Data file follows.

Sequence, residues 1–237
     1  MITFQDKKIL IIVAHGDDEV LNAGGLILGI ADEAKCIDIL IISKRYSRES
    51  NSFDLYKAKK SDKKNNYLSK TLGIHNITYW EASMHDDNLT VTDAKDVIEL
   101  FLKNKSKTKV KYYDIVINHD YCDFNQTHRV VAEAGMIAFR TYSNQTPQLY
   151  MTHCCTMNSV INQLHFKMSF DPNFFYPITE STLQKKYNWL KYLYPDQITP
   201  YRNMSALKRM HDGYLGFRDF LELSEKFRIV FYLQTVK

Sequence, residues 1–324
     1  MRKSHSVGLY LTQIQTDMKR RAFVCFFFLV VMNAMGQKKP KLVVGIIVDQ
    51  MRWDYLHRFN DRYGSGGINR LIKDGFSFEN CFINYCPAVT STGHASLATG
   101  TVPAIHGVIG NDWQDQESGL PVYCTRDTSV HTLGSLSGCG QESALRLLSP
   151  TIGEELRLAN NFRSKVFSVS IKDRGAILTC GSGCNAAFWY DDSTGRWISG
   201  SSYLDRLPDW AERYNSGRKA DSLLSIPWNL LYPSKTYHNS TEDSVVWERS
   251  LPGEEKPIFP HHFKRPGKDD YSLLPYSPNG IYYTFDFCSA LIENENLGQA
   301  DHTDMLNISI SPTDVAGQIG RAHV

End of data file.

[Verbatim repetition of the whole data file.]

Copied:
Sequence, residues 1–237
     1  MITFQDKKIL IIVAHGDDEV LNAGGLILGI ADEAKCIDIL IISKRYSRES
    51  NSFDLYKAKK SDKKNNYLSK TLGIHNITYW EASMHDDNLT VTDAKDVIEL
   101  FLKNKSKTKV KYYDIVINHD YCDFNQTHRV VAEAGMIAFR TYSNQTPQLY
   151  MTHCCTMNSV INQLHFKMSF DPNFFYPITE STLQKKYNWL KYLYPDQITP
   201  YRNMSALKRM HDGYLGFRDF LELSEKFRIV FYLQTVK

Sequence, residues 1–324
     1  MRKSHSVGLY LTQIQTDMKR RAFVCFFFLV VMNAMGQKKP KLVVGIIVDQ
    51  MRWDYLHRFN DRYGSGGINR LIKDGFSFEN CFINYCPAVT STGHASLATG
   101  TVPAIHGVIG NDWQDQESGL PVYCTRDTSV HTLGSLSGCG QESALRLLSP
   151  TIGEELRLAN NFRSKVFSVS IKDRGAILTC GSGCNAAFWY DDSTGRWISG
   201  SSYLDRLPDW AERYNSGRKA DSLLSIPWNL LYPSKTYHNS TEDSVVWERS
   251  LPGEEKPIFP HHFKRPGKDD YSLLPYSPNG IYYTFDFCSA LIENENLGQA
   301  DHTDMLNISI SPTDVAGQIG RAHV